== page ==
Small halftones are a problem even for regular DTF, as demonstrated here.

Like I said, not a totally useless method, but very limiting.
Works well for one off distressed designs, but if you print two copies, they will come out different.
Unlike DTF, there is no film forming ink layer to hide small imperfections in the adhesive.
"Only works on white shirts because the glue mess around the halftones is not be visible." --- No this is incorrect, it works on any shirt color, the glue is not visible around the halftones or the edges of the designs, its just like small details in a regular print.

"Small halftones are a problem even for regular DTF, as demonstrated here." --- No this is incorrect, small halftones are not a problem, but it is like screenprinting, they work good around 30 to 45 LPI, but it can be done higher and still come out good. Your example is a terrible example to use, it looked like that mess because it was done wrong, you can't have any anti-aliased edges, the halftones cut out need to be clean and high-resolution is better, just like with screenprinting you can't have fuzzy edged low-res halftones, the "mess" you see in that example is the RIP trying to put white behind all the fuzzy edges.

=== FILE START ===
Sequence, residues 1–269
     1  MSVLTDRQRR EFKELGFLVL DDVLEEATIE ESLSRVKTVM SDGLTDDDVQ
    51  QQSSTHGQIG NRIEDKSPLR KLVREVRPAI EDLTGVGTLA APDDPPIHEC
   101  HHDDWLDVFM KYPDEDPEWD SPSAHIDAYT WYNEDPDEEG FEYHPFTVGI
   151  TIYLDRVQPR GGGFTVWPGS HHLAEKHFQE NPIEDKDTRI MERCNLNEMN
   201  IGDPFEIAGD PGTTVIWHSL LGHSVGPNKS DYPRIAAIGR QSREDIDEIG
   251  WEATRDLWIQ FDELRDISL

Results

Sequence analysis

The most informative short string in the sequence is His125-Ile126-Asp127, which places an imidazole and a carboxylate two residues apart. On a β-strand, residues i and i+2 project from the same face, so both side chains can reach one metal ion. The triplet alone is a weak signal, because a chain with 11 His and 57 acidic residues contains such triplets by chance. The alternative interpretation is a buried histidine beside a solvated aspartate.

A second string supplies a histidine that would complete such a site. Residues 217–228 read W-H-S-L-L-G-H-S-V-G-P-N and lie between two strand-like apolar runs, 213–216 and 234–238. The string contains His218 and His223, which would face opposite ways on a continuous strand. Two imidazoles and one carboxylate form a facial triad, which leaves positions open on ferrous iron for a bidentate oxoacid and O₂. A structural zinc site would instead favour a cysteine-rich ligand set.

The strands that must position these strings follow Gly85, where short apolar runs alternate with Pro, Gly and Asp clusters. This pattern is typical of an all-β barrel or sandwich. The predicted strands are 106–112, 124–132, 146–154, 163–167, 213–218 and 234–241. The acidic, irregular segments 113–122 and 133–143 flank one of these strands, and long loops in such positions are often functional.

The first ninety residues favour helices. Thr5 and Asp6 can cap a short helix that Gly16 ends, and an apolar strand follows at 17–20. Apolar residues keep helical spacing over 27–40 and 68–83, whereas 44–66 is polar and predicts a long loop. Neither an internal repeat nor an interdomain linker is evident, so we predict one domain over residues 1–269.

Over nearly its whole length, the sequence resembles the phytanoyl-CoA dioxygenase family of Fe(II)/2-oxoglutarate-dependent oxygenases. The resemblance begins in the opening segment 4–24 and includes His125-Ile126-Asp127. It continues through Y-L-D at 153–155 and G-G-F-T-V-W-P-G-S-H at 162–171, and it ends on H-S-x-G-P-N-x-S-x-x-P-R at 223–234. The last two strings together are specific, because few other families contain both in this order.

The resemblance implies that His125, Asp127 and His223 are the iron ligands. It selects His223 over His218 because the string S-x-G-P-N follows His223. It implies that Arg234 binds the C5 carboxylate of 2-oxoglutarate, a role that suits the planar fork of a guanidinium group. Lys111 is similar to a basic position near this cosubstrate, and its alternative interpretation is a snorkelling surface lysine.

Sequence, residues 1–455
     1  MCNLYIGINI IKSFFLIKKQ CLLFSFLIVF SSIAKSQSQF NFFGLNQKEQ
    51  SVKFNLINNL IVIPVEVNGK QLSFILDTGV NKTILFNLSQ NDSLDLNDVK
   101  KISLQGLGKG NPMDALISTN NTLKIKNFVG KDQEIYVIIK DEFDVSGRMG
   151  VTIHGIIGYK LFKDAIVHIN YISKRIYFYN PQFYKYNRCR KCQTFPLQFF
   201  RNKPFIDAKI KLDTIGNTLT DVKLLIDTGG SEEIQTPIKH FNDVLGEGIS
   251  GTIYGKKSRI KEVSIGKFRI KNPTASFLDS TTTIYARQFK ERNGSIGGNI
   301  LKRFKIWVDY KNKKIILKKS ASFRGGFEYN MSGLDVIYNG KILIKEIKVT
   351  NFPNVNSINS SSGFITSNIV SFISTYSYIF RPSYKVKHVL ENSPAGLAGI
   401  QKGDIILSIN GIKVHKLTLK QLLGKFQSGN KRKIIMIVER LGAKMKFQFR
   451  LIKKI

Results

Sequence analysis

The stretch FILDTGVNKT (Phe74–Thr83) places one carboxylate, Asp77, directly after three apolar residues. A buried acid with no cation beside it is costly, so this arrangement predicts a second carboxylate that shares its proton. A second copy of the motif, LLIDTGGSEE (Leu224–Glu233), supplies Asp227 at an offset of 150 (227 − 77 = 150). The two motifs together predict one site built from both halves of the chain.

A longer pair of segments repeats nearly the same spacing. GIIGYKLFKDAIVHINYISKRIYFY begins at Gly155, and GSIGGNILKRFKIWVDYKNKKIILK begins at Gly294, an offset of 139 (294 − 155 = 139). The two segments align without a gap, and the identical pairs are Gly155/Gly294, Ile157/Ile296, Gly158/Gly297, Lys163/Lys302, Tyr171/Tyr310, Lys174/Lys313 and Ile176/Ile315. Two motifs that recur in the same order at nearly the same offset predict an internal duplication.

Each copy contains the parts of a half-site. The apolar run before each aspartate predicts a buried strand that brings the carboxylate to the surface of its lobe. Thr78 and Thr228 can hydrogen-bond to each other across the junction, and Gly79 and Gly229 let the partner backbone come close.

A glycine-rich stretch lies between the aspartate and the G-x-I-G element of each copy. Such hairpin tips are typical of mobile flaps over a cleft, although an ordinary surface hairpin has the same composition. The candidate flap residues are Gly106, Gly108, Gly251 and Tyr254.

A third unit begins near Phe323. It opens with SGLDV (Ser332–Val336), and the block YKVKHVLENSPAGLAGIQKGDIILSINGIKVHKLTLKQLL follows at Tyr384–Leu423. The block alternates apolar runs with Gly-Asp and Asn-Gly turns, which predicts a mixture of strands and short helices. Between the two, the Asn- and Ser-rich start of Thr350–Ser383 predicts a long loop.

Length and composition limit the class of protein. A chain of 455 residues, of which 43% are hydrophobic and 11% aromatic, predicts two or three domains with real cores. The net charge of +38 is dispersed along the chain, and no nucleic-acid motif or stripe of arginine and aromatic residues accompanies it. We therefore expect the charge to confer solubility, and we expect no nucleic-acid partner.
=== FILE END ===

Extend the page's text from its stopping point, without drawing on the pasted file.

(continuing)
"Like I said, not a totally useless method, but very limiting." --- What do you mean? It is actually expanding not limiting, it lets you do all sorts of awesome stuff like not use white on white shirts, dont use black on black shirts, dont use a specific color on a colored shirt, and you can fade things into the shirt color or do all sorts of fun tricks when you get the halftones right, it just has to be done correctly that's all.

"Works well for one off distressed designs, but if you print two copies, they will come out different." --- Incorrect, where are you getting this information?? It works great for any design and it is totally repeatable.